The method of breaking them was less cruel and much more amusing. It is a well-known fact that where domestic animals are used for specific purposes from generation to generation, the descendants are easily, as a rule, subdued to the same uses. At that time in Northern Mexico the mule, or his ancestors, the horse and the ass, was seldom used except for the saddle or pack. At all events the Corpus Christi mule resisted the new use to which he was being put. The treatment he was subjected to in order to overcome his prejudices was summary and effective.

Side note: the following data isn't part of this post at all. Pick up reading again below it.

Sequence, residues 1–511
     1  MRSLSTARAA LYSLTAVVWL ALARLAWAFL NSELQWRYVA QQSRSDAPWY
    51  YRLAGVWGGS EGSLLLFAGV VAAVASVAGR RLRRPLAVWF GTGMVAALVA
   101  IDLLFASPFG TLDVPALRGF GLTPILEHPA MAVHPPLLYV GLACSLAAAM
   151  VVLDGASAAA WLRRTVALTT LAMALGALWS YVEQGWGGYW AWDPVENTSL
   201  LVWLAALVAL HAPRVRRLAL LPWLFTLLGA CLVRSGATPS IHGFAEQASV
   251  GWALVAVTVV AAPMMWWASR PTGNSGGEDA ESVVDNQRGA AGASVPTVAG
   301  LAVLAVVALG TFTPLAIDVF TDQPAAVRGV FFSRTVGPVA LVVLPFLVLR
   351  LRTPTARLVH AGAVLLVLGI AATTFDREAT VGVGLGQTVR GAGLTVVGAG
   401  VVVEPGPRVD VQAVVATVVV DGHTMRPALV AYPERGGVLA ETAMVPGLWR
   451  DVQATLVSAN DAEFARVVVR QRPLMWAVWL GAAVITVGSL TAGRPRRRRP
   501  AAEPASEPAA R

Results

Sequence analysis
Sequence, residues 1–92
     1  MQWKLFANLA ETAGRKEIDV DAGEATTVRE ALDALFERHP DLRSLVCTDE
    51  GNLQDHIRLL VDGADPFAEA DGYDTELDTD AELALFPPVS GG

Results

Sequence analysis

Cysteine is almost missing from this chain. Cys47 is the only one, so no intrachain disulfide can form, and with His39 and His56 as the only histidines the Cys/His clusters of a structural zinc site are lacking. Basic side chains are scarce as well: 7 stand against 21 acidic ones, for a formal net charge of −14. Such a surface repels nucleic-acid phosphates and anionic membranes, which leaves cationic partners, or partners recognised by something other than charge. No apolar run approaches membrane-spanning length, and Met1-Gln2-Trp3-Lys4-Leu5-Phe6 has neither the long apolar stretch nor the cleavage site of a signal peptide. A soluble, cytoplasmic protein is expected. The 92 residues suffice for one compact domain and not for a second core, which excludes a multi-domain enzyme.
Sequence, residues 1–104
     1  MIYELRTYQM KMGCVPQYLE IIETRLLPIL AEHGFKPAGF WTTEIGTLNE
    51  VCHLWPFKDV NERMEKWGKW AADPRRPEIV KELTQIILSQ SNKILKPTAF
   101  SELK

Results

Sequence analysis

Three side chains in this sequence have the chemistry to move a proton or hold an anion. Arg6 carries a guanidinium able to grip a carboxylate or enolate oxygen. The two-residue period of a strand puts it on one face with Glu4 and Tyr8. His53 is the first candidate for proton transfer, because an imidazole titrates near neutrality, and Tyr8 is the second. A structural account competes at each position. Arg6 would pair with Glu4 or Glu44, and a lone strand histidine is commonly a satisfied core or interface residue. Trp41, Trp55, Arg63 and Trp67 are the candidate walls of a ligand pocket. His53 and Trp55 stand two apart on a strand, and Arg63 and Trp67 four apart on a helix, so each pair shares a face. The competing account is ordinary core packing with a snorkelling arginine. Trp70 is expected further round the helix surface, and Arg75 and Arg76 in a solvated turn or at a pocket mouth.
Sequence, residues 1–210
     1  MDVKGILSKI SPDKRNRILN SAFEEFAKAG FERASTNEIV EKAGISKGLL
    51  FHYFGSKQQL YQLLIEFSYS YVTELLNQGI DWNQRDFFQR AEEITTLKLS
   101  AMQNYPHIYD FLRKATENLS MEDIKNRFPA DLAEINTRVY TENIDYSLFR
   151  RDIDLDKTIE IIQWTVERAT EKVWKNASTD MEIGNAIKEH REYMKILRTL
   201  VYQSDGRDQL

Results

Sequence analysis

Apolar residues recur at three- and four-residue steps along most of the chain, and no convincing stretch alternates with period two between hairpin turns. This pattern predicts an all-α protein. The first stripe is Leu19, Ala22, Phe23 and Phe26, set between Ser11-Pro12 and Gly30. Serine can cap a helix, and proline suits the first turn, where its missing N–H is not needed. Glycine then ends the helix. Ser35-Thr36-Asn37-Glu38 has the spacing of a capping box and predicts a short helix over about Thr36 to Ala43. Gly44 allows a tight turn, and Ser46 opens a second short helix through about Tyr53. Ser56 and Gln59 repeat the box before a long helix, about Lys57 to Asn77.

The soldiers were principally foreigners who had enlisted in our large cities, and, with the exception of a chance drayman among them, it is not probable that any of the men who reported themselves as competent teamsters had ever driven a mule-team in their lives, or indeed that many had had any previous experience in driving any animal whatever to harness. Numbers together can accomplish what twice their number acting individually could not perform. Five mules were allotted to each wagon. A teamster would select at the picket rope five animals of nearly the same color and general appearance for his team. With a full corps of assistants, other teamsters, he would then proceed to get his mules together. In twos the men would approach each animal selected, avoiding as far as possible its heels. Two ropes would be put about the neck of each animal, with a slip noose, so that he could be choked if too unruly. They were then led out, harnessed by force and hitched to the wagon in the position they had to keep ever after. Two men remained on either side of the leader, with the lassos about its neck, and one man retained the same restraining influence over each of the others. All being ready, the hold would be slackened and the team started. The first motion was generally five mules in the air at one time, backs bowed, hind feet extended to the rear. After repeating this movement a few times the leaders would start to run. This would bring the breeching tight against the mules at the wheels, which these last seemed to regard as a most unwarrantable attempt at coercion and would resist by taking a seat, sometimes going so far as to lie down. In time all were broken in to do their duty submissively if not cheerfully, but there never was a time during the war when it was safe to let a Mexican mule get entirely loose. Their drivers were all teamsters by the time they got through.